Prior results do not guarantee a similar outcome.
By Craig Wolf
September 10, 1998
NEWBURGH – A fatal fire that started in a kerosene heater mistakenly filled with gasoline has resulted in a $1.3 million lawsuit settlement to be paid by insurers for Mid-Valley Oil Co. to a Middletown family.
Nancy Villafane will receive $1.1 million and her son, Jonathan, who was four during the 1992 fire, will receive $200,000, said a spokesman for the family’s attorney.
Another son, Edwin, who was five, died in the fire at the family’s Castle High Trailer Park home.
Elliot S. Tetenbaum, the attorney who represented the Villafanes, said Edwin Villafane thought he was buying kerosene when he filled his container at an Xtra Mart station owned by Mid Valley Oil Co. The suit claimed the service station should have separated the pumps and more clearly labeled them.
The duplex pump had kerosene on one side at $1.349, labeled “kerosene” and gasoline on the other at $1.279, with no specific gas label.
The company is owned by Warren Equities, whose spokesman Jeff Walker, said it had an office in Providence, R.I. “There was no admission of liability,” he said. “It never went to trial. It’s a settlement that both parties are satisfied with.”
“Risk of catastrophe effects”
Tetenbaum, a partner in the Newburgh firm of Larkin, Ingrassia & Tepermayster, LLP, said, “You’re dealing with something that has enormous consequences. If you buy gasoline instead of kerosene, you can have an explosion and catastrophic effects to peoples’ lives.”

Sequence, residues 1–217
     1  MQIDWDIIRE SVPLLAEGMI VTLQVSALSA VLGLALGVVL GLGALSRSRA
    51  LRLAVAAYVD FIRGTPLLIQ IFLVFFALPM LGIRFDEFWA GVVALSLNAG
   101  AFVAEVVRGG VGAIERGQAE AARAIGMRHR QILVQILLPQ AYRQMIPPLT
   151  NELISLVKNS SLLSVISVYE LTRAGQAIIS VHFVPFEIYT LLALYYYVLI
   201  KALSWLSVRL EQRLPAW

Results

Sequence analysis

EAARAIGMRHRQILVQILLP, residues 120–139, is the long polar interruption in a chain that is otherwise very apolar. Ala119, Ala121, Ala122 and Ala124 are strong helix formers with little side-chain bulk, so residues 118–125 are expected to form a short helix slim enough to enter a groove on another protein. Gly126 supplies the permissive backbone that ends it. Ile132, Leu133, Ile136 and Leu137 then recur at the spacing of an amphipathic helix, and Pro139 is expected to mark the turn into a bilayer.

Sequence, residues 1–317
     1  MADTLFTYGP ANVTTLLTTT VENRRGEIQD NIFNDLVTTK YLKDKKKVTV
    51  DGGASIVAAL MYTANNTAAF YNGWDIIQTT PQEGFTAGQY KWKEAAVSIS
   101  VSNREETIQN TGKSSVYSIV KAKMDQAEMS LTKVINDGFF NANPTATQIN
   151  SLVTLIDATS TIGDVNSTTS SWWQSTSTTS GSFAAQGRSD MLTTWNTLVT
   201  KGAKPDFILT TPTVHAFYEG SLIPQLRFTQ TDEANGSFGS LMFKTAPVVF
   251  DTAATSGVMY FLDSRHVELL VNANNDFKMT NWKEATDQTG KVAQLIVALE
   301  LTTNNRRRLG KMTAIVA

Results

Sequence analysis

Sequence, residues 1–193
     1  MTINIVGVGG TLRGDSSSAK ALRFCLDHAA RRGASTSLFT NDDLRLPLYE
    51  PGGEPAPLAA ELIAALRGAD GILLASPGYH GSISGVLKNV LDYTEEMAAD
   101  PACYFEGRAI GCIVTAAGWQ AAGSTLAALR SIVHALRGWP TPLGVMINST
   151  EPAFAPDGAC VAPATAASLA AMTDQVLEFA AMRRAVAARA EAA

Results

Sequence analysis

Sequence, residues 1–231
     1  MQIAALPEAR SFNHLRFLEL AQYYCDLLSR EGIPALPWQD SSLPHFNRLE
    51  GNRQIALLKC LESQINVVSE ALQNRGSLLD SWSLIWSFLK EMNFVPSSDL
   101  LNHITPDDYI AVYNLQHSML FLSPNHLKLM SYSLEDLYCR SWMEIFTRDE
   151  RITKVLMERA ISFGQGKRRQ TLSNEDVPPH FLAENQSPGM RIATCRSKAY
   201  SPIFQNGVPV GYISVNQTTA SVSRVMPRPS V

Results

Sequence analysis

Tetenbaum said the defendants claimed the fuel involved was really kerosene and that the fire stemmed from placement of the heater too close to bedding. Defendants pointed out that the heater apparently worked properly for more than two hours before the fire.
State Police investigators said testing showed the fuel was actually gasoline, and Tetenbaum hired experts who found the same. They also said the fire occurred inside the heater itself. Another expert testified that the side-by-side pump layout would be confusing.
“I had an investigator check all around Orange County, and in other service stations, it was always very separate,” Tetenbaum said.
Consumers should be cautious using kerosene, said John Matask, Assistant Director of Consumer Affairs in Dutchess County. Even distributors get confused on fuel. “One gas station… did get a gas mixture in one of their kerosene storage tanks. A customer purchased some and happened to notice that the odor was not normal kerosene,” Matask said.
Kerosene heaters are anathema to the fire services. “I do not recommend them at all,” said Dewitt Sagendorph, emergency response coordinator for Dutchess County. There are “too many safety problems” including consumption of oxygen, emission of dangerous carbon monoxide, burns from touching and danger from spilling fuel.
Building codes require that fueled home heaters be vented to the outside by Divest he said.
* Reprinted with permission of The Poughkeepsie Journal
We help a family claim significant compensation for a gas station failing to properly mark gas and kerosene dispensing, leading to a fatal house fire. This article is brought to you by Larkin, Ingrassia & Tepermayster, LLP.